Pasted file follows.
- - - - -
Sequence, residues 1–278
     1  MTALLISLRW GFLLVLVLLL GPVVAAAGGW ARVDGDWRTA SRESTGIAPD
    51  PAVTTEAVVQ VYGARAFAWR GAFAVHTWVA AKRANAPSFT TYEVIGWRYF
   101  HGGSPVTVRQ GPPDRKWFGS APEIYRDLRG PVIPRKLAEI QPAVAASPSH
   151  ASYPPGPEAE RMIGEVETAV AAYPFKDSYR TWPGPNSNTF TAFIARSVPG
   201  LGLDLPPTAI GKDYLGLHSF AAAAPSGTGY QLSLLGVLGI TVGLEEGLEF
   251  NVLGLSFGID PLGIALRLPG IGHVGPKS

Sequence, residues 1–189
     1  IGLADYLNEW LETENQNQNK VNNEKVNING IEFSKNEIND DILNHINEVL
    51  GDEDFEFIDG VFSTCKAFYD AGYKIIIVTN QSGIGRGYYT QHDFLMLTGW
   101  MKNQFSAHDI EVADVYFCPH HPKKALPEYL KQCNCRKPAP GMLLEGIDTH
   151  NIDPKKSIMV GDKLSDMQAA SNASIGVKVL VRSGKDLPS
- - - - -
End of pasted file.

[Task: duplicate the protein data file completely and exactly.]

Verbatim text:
Sequence, residues 1–278
     1  MTALLISLRW GFLLVLVLLL GPVVAAAGGW ARVDGDWRTA SRESTGIAPD
    51  PAVTTEAVVQ VYGARAFAWR GAFAVHTWVA AKRANAPSFT TYEVIGWRYF
   101  HGGSPVTVRQ GPPDRKWFGS APEIYRDLRG PVIPRKLAEI QPAVAASPSH
   151  ASYPPGPEAE RMIGEVETAV AAYPFKDSYR TWPGPNSNTF TAFIARSVPG
   201  LGLDLPPTAI GKDYLGLHSF AAAAPSGTGY QLSLLGVLGI TVGLEEGLEF
   251  NVLGLSFGID PLGIALRLPG IGHVGPKS

Sequence, residues 1–189
     1  IGLADYLNEW LETENQNQNK VNNEKVNING IEFSKNEIND DILNHINEVL
    51  GDEDFEFIDG VFSTCKAFYD AGYKIIIVTN QSGIGRGYYT QHDFLMLTGW
   101  MKNQFSAHDI EVADVYFCPH HPKKALPEYL KQCNCRKPAP GMLLEGIDTH
   151  NIDPKKSIMV GDKLSDMQAA SNASIGVKVL VRSGKDLPS